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Author Topic: crush and strain extraction  (Read 1803 times)

Offline crane

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crush and strain extraction
« on: June 07, 2012, 12:59:09 PM »
Can someone explain the crush and strain extraction process? I have two hives. I had a problem with one of them(low population) so I  removed the queen excluder in hopes that the bees would build brood in the upper medium.
The other was well populated so I left the excluder on and they have filled the upper with honey. I don't own an extractor and none are to be found in this area because evryone is using theirs now since it is harvest time.
Since I only have the one super I figured I would just crush and strain this one this year. As a newbee I do not have the slightest idea how to o this. Can anyone help?

BTW The frames on the full hive are plastic foundation in a langstroth. If that makes any difference.

Offline kathyp

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Re: crush and strain extraction
« Reply #1 on: June 07, 2012, 01:54:17 PM »
http://beekeeperlinda.blogspot.com

linda has a great section on crush and strain.  it is as it sounds.  you get a big pan, cut out the comb, or in your case scrape it off i think, and use something to crush the comb.   then you set the comb in something...cheese cloth, paint strainer, etc., over  a container (5 gal bucket works) and let the honey drip out of the crushed comb. 

the warmer the room, the faster the drip.  i usually leave mine 24 hours.  then you may met the wax for whatever you want...including rewaxing your plastic foundation.

watch lindas video.  it's better than my explanation!   :-D
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Offline Hethen57

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Re: crush and strain extraction
« Reply #2 on: June 07, 2012, 02:48:31 PM »
There are many ways to do it, but with plastic foundation I generally use a cake slicer type spatula to scrape off the cells of honey onto a glass cutting board (you don't want to damage the foundation or scrape off all of the wax coating), then mash up with something like a potato masher, then scrape into a clean home depot paint strainer stretched over a 5 gallon food grade bucket.  Let it drain and settle.  Squeeze and tighten paint strainer as necessary.  Let bees clean up ball of wax.
-Mike

Offline Sundog

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Re: crush and strain extraction
« Reply #3 on: June 07, 2012, 04:36:54 PM »
My first year, I made a gizzy to support the frames that comes in handy when inspecting or harvesting.  I scraped the cells (and the honey) off and then I let the frames drip into the tub for several hours. I think a Cap Scrapper may be a better way just to uncap the cells, but I wanted the wax too. Then I strained the wax out of honey (first coarse then a fine strainer) and put the honey into jars and made candles from the wax after letting the bees clean it.  Then I gave the frames back to the bees and apologized to them for stealing their hooch.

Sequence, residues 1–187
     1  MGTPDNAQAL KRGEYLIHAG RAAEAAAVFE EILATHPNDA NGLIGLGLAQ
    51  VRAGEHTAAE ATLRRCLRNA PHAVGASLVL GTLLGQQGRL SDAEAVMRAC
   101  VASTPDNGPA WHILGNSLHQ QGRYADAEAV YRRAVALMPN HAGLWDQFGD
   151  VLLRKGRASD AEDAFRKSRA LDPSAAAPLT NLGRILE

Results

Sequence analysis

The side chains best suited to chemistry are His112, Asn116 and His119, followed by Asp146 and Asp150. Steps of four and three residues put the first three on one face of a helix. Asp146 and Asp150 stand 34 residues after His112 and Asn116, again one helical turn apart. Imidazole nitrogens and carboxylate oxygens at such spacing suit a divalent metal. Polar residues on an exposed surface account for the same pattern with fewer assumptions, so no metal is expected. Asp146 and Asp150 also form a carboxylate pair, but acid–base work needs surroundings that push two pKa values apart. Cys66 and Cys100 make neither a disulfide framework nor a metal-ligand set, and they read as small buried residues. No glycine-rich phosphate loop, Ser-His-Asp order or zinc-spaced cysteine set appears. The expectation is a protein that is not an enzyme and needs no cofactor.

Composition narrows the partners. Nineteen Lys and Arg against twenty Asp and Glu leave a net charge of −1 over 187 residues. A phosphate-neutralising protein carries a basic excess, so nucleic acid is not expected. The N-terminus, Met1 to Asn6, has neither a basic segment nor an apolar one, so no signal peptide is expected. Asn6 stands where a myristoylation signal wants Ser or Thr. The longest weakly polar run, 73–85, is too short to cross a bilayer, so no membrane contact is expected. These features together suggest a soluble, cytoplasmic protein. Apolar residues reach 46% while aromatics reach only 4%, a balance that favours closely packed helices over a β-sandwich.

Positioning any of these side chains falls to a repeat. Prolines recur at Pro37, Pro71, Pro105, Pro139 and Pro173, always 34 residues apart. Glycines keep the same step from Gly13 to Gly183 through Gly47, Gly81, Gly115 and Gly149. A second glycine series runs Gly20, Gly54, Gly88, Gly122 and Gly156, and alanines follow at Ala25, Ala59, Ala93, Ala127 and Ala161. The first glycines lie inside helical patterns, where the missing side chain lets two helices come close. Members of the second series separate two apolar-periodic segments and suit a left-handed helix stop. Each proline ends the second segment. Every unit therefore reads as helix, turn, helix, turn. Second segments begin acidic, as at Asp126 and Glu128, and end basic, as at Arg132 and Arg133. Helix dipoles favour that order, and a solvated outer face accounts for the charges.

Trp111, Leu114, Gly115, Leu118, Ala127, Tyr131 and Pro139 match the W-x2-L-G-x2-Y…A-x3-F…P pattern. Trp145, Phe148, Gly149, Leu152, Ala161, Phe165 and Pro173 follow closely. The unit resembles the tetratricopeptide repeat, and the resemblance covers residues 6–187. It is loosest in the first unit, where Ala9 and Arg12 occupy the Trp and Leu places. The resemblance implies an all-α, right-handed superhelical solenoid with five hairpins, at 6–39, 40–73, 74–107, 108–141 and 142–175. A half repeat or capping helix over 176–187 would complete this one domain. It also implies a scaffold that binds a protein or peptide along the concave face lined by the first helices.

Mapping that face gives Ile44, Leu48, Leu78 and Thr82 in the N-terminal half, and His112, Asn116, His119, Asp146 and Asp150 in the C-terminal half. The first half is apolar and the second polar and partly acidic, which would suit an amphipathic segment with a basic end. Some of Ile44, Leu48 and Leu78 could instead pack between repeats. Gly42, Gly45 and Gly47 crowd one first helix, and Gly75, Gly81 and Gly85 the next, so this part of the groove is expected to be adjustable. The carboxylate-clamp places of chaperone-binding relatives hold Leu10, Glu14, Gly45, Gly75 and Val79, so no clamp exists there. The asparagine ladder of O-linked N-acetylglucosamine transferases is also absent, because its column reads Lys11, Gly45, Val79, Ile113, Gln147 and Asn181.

Great fun!   :-D




Offline bulldog

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Re: crush and strain extraction
« Reply #4 on: June 07, 2012, 10:12:33 PM »
i use some old 1 gallon ice cream buckets ( washed out, of course ), a strainer and a potato masher. the bottom bucket is where your honey ends up after being mashed and sitting in the top bucket with 1/4 inch holes drilled into the bottom with a fine mesh wire strainer in between the top and bottom buckets.sometimes the holes get blocked so you have to stir it around a bit. it's a little messy and it takes a long time, but its not too terrible.
Confucius say "He who stand on toilet is high on pot"

Offline Joe D

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Re: crush and strain extraction
« Reply #5 on: June 08, 2012, 12:54:01 AM »

Linda has a pretty good video on crush and strain, the other ideas will work also.  But if you are in a local club or have a beek friend with an extractor They may let you use theirs and even help.  This my first year and I extracted 4 supers after spring flow, a friend from the local bee club help me at his bee house.  I gave him a couple of onion sacks of pecans.

Joe

Offline Shanevrr

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Re: crush and strain extraction
« Reply #6 on: June 08, 2012, 09:18:35 PM »
Sundog you should try turning them upside down next time you may have more run out :-D
www.Valleybeesupply.com
"A responsible beekeeper is a successful one"
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